The problem is not the RAM/disk usage, it's the licensing.
                If initrd is put into the kernel, then so does the firmware or other closed-source drivers (Nvidia).
                That is a clear violation of GPL 2.0 since the distros redistribute the compiled kernel with non-GPL stuff.

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                • #38
                  Originally posted by NobodyXu View Post

                  The problem is not the RAM/disk usage, it's the licensing.
                  If initrd is put into the kernel, then so does the firmware or other closed-source drivers (Nvidia).
                  That is a clear violation of GPL 2.0 since the distros redistribute the compiled kernel with non-GPL stuff.
                  Moving goalposts? Read the postimgs, put them in context. I was talking about essential storage drivers, and you asked why I am not building them directly into the kernel, but using a built-in initrd.

                  Can't have it both ways

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                  • #39
                    Originally posted by discordian View Post

                    Moving goalposts? Read the postimgs, put them in context. I was talking about essential storage drivers, and you asked why I am not building them directly into the kernel, but using a built-in initrd.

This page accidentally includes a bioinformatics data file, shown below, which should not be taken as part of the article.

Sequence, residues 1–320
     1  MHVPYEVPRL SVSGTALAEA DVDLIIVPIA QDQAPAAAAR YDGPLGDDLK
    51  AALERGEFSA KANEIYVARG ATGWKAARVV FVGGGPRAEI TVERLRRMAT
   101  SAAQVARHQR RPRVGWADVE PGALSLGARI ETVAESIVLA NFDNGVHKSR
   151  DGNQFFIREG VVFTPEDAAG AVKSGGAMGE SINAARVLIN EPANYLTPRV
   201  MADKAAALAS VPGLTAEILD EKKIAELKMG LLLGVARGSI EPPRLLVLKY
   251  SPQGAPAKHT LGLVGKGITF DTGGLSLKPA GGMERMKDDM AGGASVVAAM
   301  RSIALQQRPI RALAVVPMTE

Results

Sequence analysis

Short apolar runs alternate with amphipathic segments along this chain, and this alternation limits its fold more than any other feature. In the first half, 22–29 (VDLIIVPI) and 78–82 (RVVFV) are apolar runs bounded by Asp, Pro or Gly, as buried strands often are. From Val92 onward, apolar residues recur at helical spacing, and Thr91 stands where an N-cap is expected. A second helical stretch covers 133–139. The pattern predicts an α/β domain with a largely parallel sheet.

Can't have it both ways
                    Oh I have misread your original comment.

                    So you want the kernel to have their own built-in initramfs which can mount any partition/disk out there, by including the modules (or compiled into the kernel) and includes a simple userspace like busybox?

                    Yeah, that sounds reasonable.

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                    • #40
                      Originally posted by hamishmb View Post
                      Not sure it's fair to call them sytemd haters either, without citing something.

                      It's a bit of a blunder, but accidents happen. I'd have been quite annoyed if I used Devuan, to be fair.
                      Most of Devuan in particular does use somewhat of a hate speech towards systemd, so they are haters in my book. Probably not all of their users are tho.

                      Originally posted by Britoid View Post
                      I use systemd fully but it's really done a bad job at getting any kind of adoption in the embedded space.

                      That said, the embedded space tend to use their own dumb methods of booting so I don't think this would apply there anyway.
                      There are some important issues with systemd on embedded. Or maybe not as important as the people doing them make themsound, but whatever. The main one is glibc is rather heavy for embedded (citation needed, developers kinda assume it but then many "embedded" devices have 1+GB of RAM and several GB of storage space) and systemd is pretty much married to it. Then there are some less dramatic issues like journald not being optional at all (you can make it so it only proxies logs, but you can't avoid loading it), so it wastes a little bit of RAM. There was once an experiment to use it on embedded that used about 6MB of RAM but, as you said, it never really caught up.​